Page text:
New Delhi, May 31: L.K. Advani today ruined the BJP’s bandh “success” campaign by posting a blog that criticised party chief Nitin Gadkari, without naming him, and made an oblique case for ageing politicians.
The BJP that had hoped to celebrate its Bharat bandh “success” found itself searching for a coherent response on why veteran Advani chose today, of all days, to post the blog.
Television news channels were quick to lead with Advani’s blog once and relegate the bandh to second place. “The fact that we have a sizeable contingent of MPs as against the niggardly two seats in 1984.... that the party is in power in as many as nine states today is no compensation for the lapses committed. I had said at the core group meeting (of the BJP some weeks ago) that if people are today angry with the UPA government, they are also disappointed with us. The situation, I said, calls for introspection,” Advani wrote.
Advani concurred with the media’s reading that although the UPA government was riddled with scams, the NDA was “not rising to the occasion”. “....I, as a former pressman myself, feel they are reflecting public opinion correctly,”.
Aiming potshots at Gadkari, he said the Uttar Pradesh election results and the “manner in which the party welcomed BSP ministers (read Babu Singh Kushwaha) who were removed by Mayawati on charges of corruption” undermined the party’s campaign against graft.
Gadkari was responsible for Kushwaha’s induction and for overseeing the Uttar Pradesh electioneering.
Advani cited the “handling of Jharkhand and Karnataka” as additions to the BJP’s balance sheet of debits.
The Jharkhand allusion was to Gadkari’s aborted attempt to nominate a controversial NRI businessman, Anshuman Mishra, to the Rajya Sabha. In Karnataka, Gadkari ensured that “graft-tainted” former chief minister B.S. Yeddyurappa — he and Advani share a mutual antipathy — remained in the BJP. Advani and his loyalist, MP Ananth Kumar, on the other hand, were prepared for a BJP-without-Yeddyurappa scenario despite the party’s internal assessment that he was the only mass leader it had in Karnataka.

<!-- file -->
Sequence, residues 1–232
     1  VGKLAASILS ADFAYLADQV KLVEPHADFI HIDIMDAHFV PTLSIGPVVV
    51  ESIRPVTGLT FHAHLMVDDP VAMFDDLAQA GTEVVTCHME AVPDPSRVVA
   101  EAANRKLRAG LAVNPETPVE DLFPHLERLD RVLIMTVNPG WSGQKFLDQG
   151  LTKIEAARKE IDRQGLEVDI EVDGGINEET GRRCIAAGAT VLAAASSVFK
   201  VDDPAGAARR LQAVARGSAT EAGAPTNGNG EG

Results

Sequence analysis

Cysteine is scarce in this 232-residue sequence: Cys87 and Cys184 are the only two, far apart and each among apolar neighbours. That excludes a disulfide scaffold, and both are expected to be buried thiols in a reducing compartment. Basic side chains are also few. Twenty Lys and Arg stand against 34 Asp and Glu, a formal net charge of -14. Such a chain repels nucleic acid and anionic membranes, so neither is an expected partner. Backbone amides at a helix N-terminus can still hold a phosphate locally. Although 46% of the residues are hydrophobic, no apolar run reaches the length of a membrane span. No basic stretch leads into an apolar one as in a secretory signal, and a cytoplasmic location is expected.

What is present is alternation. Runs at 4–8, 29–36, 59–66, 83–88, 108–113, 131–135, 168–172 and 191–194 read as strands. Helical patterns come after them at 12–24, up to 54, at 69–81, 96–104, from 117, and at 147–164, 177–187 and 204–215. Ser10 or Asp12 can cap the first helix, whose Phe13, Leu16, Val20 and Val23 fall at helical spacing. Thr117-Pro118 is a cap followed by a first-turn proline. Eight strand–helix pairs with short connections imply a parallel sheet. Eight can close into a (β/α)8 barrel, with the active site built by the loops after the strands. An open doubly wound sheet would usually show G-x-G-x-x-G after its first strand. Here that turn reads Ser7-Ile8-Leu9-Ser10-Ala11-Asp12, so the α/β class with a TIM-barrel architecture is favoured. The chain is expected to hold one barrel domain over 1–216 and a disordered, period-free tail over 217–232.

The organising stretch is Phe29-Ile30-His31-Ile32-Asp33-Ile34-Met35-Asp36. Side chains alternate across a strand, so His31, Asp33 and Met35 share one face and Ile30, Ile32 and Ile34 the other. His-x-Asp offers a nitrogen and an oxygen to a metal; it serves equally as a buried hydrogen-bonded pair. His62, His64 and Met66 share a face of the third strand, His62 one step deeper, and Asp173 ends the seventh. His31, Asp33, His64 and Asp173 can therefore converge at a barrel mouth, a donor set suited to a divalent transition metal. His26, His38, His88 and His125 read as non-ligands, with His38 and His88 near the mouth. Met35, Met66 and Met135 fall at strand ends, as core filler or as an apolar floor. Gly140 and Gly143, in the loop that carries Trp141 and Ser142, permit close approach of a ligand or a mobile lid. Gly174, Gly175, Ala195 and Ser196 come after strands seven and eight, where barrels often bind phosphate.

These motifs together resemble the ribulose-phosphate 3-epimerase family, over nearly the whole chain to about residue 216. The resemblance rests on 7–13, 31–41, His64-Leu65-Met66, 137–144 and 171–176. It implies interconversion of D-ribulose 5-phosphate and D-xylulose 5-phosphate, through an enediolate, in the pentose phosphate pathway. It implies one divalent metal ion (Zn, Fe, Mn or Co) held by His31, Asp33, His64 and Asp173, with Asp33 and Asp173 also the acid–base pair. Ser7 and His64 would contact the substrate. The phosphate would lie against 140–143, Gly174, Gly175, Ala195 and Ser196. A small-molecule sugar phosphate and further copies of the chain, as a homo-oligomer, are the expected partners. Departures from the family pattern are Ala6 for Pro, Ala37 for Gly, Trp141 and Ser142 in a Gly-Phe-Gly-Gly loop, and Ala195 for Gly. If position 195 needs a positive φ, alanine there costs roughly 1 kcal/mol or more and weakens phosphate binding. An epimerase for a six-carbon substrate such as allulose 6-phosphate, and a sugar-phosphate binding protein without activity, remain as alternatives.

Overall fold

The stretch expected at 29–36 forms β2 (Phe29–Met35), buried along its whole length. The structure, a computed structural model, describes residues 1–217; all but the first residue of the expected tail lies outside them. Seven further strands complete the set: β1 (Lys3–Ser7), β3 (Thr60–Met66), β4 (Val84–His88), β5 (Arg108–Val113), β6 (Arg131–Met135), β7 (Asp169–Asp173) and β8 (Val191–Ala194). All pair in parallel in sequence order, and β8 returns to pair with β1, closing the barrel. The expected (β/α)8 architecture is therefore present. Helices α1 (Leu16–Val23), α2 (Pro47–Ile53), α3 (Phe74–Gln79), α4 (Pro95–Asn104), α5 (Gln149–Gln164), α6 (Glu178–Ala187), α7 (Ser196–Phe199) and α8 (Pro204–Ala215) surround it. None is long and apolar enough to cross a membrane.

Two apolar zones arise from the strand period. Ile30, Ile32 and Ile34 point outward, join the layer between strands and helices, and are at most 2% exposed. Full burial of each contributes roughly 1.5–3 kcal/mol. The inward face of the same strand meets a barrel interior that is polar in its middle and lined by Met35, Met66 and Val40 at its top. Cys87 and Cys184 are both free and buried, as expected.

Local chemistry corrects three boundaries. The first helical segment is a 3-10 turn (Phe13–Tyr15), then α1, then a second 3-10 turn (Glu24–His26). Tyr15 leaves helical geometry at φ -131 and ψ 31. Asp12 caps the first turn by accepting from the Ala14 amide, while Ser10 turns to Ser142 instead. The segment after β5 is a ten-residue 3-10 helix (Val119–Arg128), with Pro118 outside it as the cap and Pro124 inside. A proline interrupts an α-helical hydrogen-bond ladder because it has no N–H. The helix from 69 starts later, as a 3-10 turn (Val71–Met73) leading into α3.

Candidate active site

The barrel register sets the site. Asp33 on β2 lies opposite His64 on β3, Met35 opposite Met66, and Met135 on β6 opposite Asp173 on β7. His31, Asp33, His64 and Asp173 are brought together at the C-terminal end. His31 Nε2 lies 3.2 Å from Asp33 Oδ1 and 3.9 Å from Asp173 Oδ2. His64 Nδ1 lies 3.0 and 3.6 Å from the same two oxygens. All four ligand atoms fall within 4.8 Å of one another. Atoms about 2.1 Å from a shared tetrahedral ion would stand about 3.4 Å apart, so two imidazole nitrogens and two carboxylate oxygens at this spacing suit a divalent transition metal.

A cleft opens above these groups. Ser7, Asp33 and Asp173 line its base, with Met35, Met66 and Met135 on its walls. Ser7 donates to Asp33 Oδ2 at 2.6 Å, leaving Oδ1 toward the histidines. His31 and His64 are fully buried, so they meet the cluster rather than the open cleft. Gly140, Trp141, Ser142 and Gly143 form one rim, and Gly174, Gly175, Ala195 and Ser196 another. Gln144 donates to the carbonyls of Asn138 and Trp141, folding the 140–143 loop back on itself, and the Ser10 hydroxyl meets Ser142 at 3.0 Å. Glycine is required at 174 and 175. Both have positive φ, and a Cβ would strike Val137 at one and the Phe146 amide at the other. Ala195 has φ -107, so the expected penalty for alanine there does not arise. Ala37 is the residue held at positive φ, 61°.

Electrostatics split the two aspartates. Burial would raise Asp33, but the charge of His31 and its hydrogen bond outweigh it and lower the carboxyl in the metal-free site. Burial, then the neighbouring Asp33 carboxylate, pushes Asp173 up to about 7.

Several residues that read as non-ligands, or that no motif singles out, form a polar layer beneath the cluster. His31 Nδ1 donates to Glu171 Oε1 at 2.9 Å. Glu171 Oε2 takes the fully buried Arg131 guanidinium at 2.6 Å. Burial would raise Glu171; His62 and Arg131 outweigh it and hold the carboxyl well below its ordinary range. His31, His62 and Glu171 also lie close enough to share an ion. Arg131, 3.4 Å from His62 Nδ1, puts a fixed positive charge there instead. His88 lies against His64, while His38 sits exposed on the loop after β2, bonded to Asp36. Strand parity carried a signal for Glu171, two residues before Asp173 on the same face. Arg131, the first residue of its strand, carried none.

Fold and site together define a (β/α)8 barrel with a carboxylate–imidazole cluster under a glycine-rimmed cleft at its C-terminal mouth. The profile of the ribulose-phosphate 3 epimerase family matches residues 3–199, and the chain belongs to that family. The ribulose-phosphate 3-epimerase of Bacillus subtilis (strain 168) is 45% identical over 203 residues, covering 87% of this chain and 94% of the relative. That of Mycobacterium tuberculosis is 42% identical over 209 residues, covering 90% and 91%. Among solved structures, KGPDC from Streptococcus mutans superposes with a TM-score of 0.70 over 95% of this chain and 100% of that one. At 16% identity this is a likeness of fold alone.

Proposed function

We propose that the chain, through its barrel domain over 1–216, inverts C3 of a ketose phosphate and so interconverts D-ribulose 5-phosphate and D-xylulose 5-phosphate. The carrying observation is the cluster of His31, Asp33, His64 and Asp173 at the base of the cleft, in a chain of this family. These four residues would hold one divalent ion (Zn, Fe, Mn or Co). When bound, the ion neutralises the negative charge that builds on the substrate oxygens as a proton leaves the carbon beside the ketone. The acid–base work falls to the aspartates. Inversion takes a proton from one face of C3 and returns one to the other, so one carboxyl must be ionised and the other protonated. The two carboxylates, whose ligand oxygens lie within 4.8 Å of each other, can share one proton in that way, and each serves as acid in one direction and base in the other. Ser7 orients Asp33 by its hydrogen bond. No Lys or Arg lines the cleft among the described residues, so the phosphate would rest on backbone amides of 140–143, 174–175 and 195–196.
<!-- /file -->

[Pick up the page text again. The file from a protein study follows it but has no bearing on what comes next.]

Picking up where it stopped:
To rub in the message for Gadkari, Advani lauded the performance of Sushma Swaraj and Arun Jaitley as Opposition leaders in Parliament.
He did not mention BJP poster boy Narendra Modi or any other chief minister.
Advani had made some of these remarks in his concluding speech at the BJP’s national executive in Mumbai last week.
This evening, Advani did not go to a meeting called at Gadkari’s residence. Later in the evening, Sushma, Balbir Punj and Ananth Kumar spoke to Advani to placate him.
In the blog, Advani also posted a tailpiece on a news item about A.K. Hangal coming back to work in a TV programme at the age of 97.
Advani gave the quote of the programme’s producer who said Hangal was imbued with “unique energy”. The one-hour shot Hangal gave was “magical”, the producer said, adding that he never imagined that Hangal would pull off a one-take shot at his age.
Advani wrote: “I remember that in the sixties and seventies, there were journalists who often used to compare the Jana Sangh with film actor A.K. Hangal and say that Hangal is always admired by cinegoers. But he cannot sustain a full film by himself. He is a brilliant character actor. But he is not a starů. Jana Sangh’s position in Indian politics is similar. Its patriotism and integrity secures for it the plaudits of all; but the party will never dominate the political scene.”
Advani said he recalled “challenging such comments, and asserting that a day will certainly come when the situation will undergo a complete metamorphosis. That has now happened.”
He said: “Today BJP has become converted into such a hub of hope for all, that if it commits even a minor lapse, it does cause distress and disappointment to the people.”
Asked for a reaction on the blog, BJP spokesperson Prakash Javadekar said: “Our chief spokesperson (Ravi Shankar Prasad) briefed you about it.” Told that Prasad’s account was sanitised, Javadekar replied: “You interpret it the way you want.”